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Officials slam videos of harassed Hawaiian monk seals

HONOLULU — State and federal officials are urging visitors to behave properly when faced with marine wildlife after recent social media posts depicting interference with critically-endangered Hawaiian monk seals provoked an uproar online.

Representatives of the state Department of Land and Natural Resources (DLNR), the National Oceanic and Atmospheric Administration (NOAA) and the Hawai‘i Tourism Authority addressed the incidents at a press conference Friday morning.

“Our marine animals are both culturally important and ecologically unique to Hawai‘i. They should be treated with respect, always, both for the people of Hawai‘i and for general animal welfare,” Brian Neilson, administrator for the DLNR Division of Aquatic Resources, said. “… The people of Hawai‘i live around these animals daily. They’re part of our lives, our culture and our identity. Harassing them for fun, or a photo op, or the post on social media is incredibly disrespectful.”

One TikTok video, posted to the Instagram account @hhhviral, depicts a woman touching a monk seal resting on a Kaua‘i beach. Disturbed, the animal snaps its jaws in response, which the NOAA Office of Law Enforcement is currently investigating. Another video, posted to the same account, shows a man touching a seal beneath a rocky outcropping.

Hawaiian monk seals are protected by the Endangered Species Act, the Marine Mammal Protection Act and Hawai‘i state law, which classifies harassment of the species as a Class C felony. Perpetrators can face up to five years in prison and a $50,000 fine.

DLNR Division of Conservation and Resources Enforcement (DOCARE) Chief Jason Redulla asked beachgoers who witness such incidents to utilize the free “DLNRTip” smartphone app; the DOCARE hotline at 643-DLNR; or the NOAA hotline at 888-256-9040.

“Going forward, DOCARE officers have been instructed to investigate cases of wildlife harassment and to refer them to county prosecutors for prosecution,” Redulla said. “Our officers cover more than 700 miles of shoreline in addition to millions of acres of state land. We cannot be everywhere at every time, and as a result, we rely on witnesses who report when people are too close or are harassing our wildlife.”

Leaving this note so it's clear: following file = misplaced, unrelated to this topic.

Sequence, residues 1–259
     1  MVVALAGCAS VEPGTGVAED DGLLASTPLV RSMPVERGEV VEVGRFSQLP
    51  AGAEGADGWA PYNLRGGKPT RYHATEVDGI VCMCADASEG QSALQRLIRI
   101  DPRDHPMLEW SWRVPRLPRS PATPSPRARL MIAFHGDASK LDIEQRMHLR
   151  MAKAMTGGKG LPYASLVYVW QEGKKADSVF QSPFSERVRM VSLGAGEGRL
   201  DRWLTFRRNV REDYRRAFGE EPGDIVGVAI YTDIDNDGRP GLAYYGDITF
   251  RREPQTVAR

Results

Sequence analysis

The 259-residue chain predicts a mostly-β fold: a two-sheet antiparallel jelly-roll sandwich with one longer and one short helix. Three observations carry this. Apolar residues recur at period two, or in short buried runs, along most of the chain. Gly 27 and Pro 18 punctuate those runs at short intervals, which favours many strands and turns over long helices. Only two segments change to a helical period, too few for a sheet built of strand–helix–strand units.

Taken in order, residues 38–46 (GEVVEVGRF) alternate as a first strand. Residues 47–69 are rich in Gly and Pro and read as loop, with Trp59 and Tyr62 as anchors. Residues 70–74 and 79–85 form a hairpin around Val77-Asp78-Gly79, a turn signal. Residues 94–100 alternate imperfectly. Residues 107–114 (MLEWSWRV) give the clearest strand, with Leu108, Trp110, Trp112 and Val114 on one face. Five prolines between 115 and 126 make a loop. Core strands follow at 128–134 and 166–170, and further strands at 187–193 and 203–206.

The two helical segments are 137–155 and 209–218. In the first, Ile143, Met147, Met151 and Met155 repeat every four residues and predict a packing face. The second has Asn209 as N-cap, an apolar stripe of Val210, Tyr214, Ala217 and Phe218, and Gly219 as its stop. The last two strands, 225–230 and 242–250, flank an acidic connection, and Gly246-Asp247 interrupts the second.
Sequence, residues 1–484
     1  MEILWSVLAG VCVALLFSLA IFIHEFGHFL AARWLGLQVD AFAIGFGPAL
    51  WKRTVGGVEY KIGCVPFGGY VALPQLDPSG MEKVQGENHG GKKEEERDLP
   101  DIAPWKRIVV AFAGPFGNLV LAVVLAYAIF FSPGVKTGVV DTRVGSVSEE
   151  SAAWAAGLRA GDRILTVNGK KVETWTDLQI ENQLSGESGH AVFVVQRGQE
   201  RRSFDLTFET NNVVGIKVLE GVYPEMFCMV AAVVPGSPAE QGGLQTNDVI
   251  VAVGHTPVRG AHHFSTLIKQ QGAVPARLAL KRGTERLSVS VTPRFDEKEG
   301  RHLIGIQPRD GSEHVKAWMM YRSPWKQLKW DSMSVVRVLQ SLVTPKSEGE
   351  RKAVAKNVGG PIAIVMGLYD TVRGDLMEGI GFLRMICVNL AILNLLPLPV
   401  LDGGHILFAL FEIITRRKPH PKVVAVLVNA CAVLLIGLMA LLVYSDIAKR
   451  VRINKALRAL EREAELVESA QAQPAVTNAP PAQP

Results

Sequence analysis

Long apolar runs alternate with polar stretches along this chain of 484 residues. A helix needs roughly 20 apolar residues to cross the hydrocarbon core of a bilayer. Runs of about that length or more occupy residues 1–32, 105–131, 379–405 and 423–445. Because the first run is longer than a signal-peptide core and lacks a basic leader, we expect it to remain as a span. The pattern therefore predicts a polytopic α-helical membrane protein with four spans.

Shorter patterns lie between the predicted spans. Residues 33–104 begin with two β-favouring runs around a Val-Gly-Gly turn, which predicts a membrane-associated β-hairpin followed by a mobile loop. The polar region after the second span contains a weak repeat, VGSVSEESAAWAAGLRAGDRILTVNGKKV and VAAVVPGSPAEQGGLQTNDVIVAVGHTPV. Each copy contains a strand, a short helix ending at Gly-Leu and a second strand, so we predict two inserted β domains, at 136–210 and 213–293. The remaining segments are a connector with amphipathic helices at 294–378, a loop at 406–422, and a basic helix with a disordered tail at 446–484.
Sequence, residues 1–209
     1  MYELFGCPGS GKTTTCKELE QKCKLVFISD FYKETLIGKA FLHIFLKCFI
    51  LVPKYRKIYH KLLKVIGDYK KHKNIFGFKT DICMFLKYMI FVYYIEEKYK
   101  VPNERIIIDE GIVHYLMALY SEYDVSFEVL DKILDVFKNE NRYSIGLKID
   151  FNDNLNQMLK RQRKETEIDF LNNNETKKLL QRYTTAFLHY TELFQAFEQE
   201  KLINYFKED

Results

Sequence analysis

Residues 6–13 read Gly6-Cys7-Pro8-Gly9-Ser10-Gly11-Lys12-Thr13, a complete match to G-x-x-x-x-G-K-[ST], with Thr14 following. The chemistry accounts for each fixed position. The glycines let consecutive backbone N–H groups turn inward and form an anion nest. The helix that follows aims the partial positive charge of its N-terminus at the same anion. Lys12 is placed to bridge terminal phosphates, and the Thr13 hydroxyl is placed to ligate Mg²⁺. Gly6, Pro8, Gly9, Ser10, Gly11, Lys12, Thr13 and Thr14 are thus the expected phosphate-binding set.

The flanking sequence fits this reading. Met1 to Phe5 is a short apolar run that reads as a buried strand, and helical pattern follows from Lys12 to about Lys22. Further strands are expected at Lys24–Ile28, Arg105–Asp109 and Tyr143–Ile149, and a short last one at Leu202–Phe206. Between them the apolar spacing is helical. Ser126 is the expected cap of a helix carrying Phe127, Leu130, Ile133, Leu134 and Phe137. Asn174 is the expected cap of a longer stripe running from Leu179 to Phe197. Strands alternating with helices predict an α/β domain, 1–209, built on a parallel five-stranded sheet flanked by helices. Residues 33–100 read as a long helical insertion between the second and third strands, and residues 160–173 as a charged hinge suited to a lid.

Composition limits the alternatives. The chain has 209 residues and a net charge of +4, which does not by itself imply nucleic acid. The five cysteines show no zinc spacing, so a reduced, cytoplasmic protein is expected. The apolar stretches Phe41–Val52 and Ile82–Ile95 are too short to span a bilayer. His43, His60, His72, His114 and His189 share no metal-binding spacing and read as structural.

In the past two weeks, the DLNRTip app has logged 31 tips regarding seal harassment; 10 tips regarding sea turtle harassment; and two tips regarding spinner dolphin harassment, according to Redulla, who noted many of the tips concerned the two seal encounters already reported by the news media.

“If you observe harassment of our protected species, remember, it could take some time for the authorities to arrive on scene,” Redulla said. “So, if the harassment does not stop, please provide any video or photos to law enforcement when they arrive, or please send it and report it via the tip app.”

A recently published NOAA action plan reports only 1,400 Hawaiian monk seals, which are endemic to the islands, are alive in the world today.

“We greatly appreciate the community’s concern … regarding the monk seal incidents that have been posted on social media recently,” NOAA Fisheries’ Marine Wildlife Management Coordinator Adam Kurtz said. “We hope that these concerning videos will drive positive change and increase the awareness for some of the issues that these species face.

Kurtz said the “top message” is to keep a safe distance.

“That means 10 feet for sea turtles; 50 feet for Hawaiian monk seals; 50 yards for dolphins and small whales; and 100 yards for humpback whales,” Kurtz said.

Kalani Ka‘ana‘ana, chief brand officer of the Hawai‘i Tourism Authority, discussed ongoing messaging campaigns made in partnership with NOAA and DLNR that address the issue.

“This education isn’t something that just started in response to recent events,” he said. “It’s something that we’ve continually messaged for a number of years.”

In addition to producing public service announcements distributed to airlines and hotels, the HTA also funds community organizations “who are actually dealing with these species and educating and interacting with visitors,” Ka‘ana‘ana said. “The guys who are setting up the ropes and putting up the signs (around resting seals), we’re funding them, too.”

HTA is utilizing targeted social media advertising, as well, according to Ka‘ana‘ana.

“Organic posts aren’t going to get the eyeballs we need,” he said. “So, we’ve been investing in paid social, to make sure that these videos are seen by visitors.”


Scott Yunker, general assignment reporter, can be reached at 245-0437 or
Source: The Garden Island

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